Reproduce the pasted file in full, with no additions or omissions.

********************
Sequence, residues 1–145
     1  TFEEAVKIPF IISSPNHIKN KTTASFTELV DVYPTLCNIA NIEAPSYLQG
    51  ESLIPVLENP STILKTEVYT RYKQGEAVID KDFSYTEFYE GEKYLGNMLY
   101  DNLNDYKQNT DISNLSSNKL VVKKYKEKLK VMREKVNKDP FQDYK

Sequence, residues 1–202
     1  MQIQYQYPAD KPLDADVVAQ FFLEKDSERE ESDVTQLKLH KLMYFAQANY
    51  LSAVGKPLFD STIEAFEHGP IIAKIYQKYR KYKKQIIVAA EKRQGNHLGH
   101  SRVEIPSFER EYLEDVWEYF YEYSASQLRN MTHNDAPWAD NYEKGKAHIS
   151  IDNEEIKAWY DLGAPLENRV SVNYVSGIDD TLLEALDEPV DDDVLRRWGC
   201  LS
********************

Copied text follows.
Sequence, residues 1–145
     1  TFEEAVKIPF IISSPNHIKN KTTASFTELV DVYPTLCNIA NIEAPSYLQG
    51  ESLIPVLENP STILKTEVYT RYKQGEAVID KDFSYTEFYE GEKYLGNMLY
   101  DNLNDYKQNT DISNLSSNKL VVKKYKEKLK VMREKVNKDP FQDYK

Sequence, residues 1–202
     1  MQIQYQYPAD KPLDADVVAQ FFLEKDSERE ESDVTQLKLH KLMYFAQANY
    51  LSAVGKPLFD STIEAFEHGP IIAKIYQKYR KYKKQIIVAA EKRQGNHLGH
   101  SRVEIPSFER EYLEDVWEYF YEYSASQLRN MTHNDAPWAD NYEKGKAHIS
   151  IDNEEIKAWY DLGAPLENRV SVNYVSGIDD TLLEALDEPV DDDVLRRWGC
   201  LS